Joining Bayonne, Jersey City, Hoboken, Union City, and West New York, along with scores of other New Jersey towns, North Bergen officials raised the rainbow flag affirming the township’s recognition of this year’s Pride month.
Along with West New York, this was the township’s first year participating in the tradition.
“Today’s ceremony is more than just a flag being raised, it recognizes the contributions of the LGBTQ community and the struggles faced in the fight for equality,” Mayor Nicholas Sacco said. “Hate and intolerance have no place in North Bergen, and our residents should know that they will not be discriminated against for loving whomever they love.”
North Bergen officials were joined by Hoboken Councilman Mike DeFusco, who heads the Hudson County Democratic Organizations LGBTQ Caucus, and Massimo Mascoli, a member of that caucus.
“I am proud to have raised the Pride Flag in North Bergen alongside Mayor Sacco to continue promoting love and equality in our communities,” DeFusco said. “We’ve made incredible progress in Hoboken to build a city that is accepting of everyone. Mayor Sacco has always been a true friend for equality, and I look forward to working together to continue the conversations that make Hudson County more inclusive and welcoming to everyone.”
The flag was raised on the 50th anniversary of riots at the Stonewall Inn in New York City, a series of police-involved conflicts that are largely seen as the catalyst for the gay liberation movement. In those days, homosexuality was classified as a psychological disorder in the Diagnostic and Statistical Manual of Mental Disorders (DSM-IV). It was illegal and usually punishable by imprisonment in 49 states.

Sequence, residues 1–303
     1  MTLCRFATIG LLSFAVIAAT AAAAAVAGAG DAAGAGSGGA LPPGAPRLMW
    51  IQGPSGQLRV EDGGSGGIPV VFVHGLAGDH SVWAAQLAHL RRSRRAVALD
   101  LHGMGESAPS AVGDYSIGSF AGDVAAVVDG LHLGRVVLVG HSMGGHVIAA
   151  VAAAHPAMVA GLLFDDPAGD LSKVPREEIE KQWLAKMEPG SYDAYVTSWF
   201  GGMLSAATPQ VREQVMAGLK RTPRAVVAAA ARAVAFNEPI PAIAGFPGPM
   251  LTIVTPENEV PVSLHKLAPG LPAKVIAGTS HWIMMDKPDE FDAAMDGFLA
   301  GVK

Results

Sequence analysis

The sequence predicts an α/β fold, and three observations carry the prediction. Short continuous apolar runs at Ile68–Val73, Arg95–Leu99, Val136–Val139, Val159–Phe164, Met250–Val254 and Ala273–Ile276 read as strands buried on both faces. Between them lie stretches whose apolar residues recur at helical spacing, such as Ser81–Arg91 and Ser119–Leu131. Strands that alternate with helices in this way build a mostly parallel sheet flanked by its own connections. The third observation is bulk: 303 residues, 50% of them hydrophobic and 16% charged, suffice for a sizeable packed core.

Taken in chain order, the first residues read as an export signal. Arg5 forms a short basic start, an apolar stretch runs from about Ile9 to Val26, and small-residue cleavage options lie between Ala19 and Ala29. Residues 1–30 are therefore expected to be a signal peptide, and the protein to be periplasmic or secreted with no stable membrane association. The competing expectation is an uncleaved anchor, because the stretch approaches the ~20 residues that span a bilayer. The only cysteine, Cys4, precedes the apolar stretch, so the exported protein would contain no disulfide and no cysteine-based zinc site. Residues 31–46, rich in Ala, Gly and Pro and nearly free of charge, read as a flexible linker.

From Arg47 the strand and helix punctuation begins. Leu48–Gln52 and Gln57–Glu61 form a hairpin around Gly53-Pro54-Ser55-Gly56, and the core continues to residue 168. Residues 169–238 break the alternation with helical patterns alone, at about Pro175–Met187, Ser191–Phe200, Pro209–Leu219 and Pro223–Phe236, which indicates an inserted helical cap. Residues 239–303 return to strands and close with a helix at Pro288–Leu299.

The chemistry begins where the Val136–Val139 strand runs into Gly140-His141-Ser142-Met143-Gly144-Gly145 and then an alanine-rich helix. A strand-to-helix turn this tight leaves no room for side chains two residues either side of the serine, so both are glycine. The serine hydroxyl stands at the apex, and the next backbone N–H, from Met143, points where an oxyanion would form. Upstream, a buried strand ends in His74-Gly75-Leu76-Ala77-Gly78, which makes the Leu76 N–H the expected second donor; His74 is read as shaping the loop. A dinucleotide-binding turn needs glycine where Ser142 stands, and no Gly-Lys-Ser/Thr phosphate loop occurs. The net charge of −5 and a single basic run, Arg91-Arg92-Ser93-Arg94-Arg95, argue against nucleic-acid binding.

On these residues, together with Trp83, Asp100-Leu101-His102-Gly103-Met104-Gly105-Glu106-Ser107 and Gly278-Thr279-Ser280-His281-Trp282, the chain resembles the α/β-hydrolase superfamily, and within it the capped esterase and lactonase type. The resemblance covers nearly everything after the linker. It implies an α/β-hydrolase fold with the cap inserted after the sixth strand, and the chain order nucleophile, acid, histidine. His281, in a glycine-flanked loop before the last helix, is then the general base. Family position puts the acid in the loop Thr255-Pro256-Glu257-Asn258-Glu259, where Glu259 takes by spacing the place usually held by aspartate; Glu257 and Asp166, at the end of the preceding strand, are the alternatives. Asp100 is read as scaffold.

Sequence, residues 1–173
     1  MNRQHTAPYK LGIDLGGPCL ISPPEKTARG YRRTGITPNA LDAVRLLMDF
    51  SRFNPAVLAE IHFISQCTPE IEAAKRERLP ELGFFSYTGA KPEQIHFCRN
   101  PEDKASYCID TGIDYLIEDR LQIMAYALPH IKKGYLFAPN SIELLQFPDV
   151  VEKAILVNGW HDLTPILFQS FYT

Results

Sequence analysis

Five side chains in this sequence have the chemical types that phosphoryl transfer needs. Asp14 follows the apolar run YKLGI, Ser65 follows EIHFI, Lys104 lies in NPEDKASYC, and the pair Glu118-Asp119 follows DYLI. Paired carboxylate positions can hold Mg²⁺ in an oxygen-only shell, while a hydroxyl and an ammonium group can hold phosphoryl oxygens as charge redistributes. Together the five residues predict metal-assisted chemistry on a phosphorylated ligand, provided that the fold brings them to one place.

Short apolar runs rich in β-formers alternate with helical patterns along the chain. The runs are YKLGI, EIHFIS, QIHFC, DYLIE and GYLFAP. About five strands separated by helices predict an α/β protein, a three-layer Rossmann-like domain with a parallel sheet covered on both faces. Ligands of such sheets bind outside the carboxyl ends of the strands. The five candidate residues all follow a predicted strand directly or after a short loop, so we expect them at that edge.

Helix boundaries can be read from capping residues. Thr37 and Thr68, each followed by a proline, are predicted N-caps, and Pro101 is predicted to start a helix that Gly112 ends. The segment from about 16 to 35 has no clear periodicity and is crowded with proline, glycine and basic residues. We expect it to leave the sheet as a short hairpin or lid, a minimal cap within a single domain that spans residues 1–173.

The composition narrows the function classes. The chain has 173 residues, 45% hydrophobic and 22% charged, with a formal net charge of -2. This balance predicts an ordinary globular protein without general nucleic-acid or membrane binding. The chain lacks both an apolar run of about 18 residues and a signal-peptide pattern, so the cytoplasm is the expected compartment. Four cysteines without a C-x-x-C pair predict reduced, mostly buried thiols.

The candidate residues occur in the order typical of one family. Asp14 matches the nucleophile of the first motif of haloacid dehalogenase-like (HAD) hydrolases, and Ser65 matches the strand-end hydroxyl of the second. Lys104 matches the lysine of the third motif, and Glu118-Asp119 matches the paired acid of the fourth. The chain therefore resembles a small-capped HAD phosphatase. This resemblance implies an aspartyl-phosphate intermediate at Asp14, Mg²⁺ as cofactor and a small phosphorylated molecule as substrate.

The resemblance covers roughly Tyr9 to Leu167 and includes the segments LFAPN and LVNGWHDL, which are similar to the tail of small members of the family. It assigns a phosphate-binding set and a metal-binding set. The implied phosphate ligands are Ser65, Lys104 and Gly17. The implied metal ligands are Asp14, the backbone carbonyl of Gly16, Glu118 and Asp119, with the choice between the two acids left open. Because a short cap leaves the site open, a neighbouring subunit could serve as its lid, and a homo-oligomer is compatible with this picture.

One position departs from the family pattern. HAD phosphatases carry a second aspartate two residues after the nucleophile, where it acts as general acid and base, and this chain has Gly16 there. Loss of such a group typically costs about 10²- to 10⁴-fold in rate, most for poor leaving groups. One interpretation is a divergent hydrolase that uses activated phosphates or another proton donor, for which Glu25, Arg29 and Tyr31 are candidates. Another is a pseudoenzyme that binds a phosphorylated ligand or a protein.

Towns remain divided
In some areas of New Jersey, town and city officials spent the past few months weighing whether or not to represent Pride Month by flying the Pride flag on municipal property. Officials who opted to fly the flag got backlash from some local groups.
In Rutherford and Wyckoff, hundreds of people signed petitions and appeared at government functions to oppose a rainbow flag displayed in front of municipal headquarters in those Bergen County municipalities.
In Hudson County, flying the flag in front of city halls halls didn’t get much public push back.
Other towns called off their Pride flag-raising ceremonies, responding to claims that raising one flag could set a free-speech precedent for other groups pushing to raise flags for other causes. Still, each municipality reached its own conclusion to fly the Pride flag, without outside influence. No New Jersey courts have ruled in favor of groups who oppose Pride flags on public property.
“North Bergen has always been a welcoming place for people from many different cultures and backgrounds, and the LGBTQ community is no exception,” Marenco said. “Raising the Pride Flag sends a message that everyone is valued here in our community, and I am proud to have been part of this historic event.”